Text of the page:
“A woman’s punishment is double: social punishment on one side, which could lead her family to disown her on the basis that she sinned, or the fear that she could pass stigma on to her children, as well as psychological punishment on the other side,” Mohieddin explained. As a result, “she may suffer from depression that could lead to suicide. She could also suffer economically: If she wants a job, she is ostracized, especially in a closed-off community.”
Mohieddin warned that by stigmatizing female survivors, society “rapes” them “spiritually and intellectually.” And “that might lead some of them to adopt wrong behaviors to capitalize on their own bodies as a response to social censure, justifying it in the sense that everybody has abandoned them and is trying to exploit them, so why not exploit themselves?”
It seems understandable, then, that “the percentage of women who speak out about their experience of sexual violence is no more than 15 percent of the total number of female detainees,” according to Abdulghany.
Most women ask “to hide their identity and keep their testimonies confidential,” he said. “Sexual violence is one of the most difficult abuses we document,” he added, so “we work hard when documenting them to spare the victim of the consequences of recalling the memories and pain.”
Life goes on, despite it all
As such, it is understandable that female survivors “rarely” seek out psychiatric help in northwestern Syria, according to one employee trained to provide psychological support in an Idlib mental health clinic who spoke to Syria Direct on the condition of anonymity as they are not authorized to talk to the media. Furthermore, they said that, “there is a lack of medical capabilities to deal with these cases.”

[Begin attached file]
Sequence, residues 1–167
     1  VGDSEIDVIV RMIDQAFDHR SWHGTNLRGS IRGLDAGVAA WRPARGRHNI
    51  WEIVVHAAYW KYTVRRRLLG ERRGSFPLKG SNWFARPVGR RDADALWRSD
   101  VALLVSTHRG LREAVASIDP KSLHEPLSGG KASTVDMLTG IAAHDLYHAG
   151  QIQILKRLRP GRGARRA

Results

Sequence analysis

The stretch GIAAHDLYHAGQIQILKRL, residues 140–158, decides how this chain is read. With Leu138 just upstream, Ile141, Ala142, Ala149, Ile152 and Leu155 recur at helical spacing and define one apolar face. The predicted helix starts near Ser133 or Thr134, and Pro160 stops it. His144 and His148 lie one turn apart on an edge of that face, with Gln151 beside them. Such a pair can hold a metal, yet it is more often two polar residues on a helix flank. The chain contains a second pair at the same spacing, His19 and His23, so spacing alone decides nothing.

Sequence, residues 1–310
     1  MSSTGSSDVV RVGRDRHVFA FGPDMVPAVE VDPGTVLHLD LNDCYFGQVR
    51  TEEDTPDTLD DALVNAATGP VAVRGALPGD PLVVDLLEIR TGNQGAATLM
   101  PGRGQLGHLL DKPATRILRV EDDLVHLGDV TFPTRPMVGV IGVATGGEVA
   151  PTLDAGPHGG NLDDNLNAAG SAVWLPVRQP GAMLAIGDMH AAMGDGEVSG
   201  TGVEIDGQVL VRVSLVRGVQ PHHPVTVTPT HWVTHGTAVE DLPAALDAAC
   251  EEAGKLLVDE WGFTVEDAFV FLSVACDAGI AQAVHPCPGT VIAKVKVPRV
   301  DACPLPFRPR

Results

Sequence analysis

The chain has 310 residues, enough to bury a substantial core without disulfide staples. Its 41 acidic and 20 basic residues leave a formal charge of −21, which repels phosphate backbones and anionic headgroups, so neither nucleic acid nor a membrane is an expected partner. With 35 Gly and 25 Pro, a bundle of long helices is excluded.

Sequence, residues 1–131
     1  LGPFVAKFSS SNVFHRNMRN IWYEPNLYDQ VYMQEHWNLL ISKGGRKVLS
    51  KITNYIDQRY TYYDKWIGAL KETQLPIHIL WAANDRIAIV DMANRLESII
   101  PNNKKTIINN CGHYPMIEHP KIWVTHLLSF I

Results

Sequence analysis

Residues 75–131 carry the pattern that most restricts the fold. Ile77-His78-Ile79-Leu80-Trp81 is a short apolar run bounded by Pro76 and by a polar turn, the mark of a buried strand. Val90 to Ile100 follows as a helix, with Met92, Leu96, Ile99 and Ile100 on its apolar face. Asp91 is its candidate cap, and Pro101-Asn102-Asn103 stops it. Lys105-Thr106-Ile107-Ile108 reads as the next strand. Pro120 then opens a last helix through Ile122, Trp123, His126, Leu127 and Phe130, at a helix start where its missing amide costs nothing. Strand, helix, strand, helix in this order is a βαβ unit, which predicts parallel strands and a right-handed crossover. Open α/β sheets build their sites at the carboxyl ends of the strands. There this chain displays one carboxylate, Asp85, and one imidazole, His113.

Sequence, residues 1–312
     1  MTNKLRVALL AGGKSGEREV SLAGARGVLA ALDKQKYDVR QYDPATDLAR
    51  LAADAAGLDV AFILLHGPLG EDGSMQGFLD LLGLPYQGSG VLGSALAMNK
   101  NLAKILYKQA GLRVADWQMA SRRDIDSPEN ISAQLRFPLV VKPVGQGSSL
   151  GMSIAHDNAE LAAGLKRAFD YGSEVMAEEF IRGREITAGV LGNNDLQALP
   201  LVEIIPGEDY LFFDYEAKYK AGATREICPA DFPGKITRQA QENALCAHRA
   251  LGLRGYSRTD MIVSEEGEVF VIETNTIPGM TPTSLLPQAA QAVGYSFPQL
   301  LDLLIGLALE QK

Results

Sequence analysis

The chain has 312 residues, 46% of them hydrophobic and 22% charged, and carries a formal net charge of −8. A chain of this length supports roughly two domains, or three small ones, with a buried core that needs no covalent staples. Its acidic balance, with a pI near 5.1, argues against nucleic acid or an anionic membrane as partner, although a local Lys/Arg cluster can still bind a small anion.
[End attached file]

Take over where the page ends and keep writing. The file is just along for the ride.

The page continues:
They try to “support female survivors’ points of strength to raise their state of mind,” the same source explained. “If they need medical intervention, then we can provide that for them.” But they have limited capacity to deal with “difficult cases, where they have suicidal tendencies or suffer from severe depression, necessitating electroconvulsive therapy, hypnosis or advanced treatment sessions.”
Nonetheless, and in spite of her family’s rejection, Aisha has decided to move on with her life. After approximately five months of living by herself in a camp for displaced people in northern Syria, she said, “I read about a volunteer job opportunity for women in the Civil Defense Directorate. I said to myself, why not live out my life by helping others?”
“I volunteered with them so that my children can hold their heads high, so they could be proud of my name one day, and know that their mother doesn’t have a bad reputation, but was the victim of a shameful society,” Aisha said.
In Leila’s case, leaving Syria for Germany “opened new horizons for me,” she said. “It’s easy to accept the new society since everyone interacts with me without knowing anything about me,” she added. Leila was able to enroll in a university in Berlin where she now studies law “so that in the future I can prosecute the war criminals and violators of freedoms.”
Although “life for female survivors remains better in Europe than in Arab societies because it is like a new society that frees them from stigma and, accordingly, they can begin a new life,” Mohieddin said, this “does not mean they don’t need mental and social support, which could be improved by the presence of supportive relatives and friends there.”
This report is part of Syria Direct’s project promoting gender equality, supported by the Canadian Embassy to Jordan's Canada Fund for Local Initiatives (CFLI). It was originally published in Arabic and translated into English by Mateo Nelson.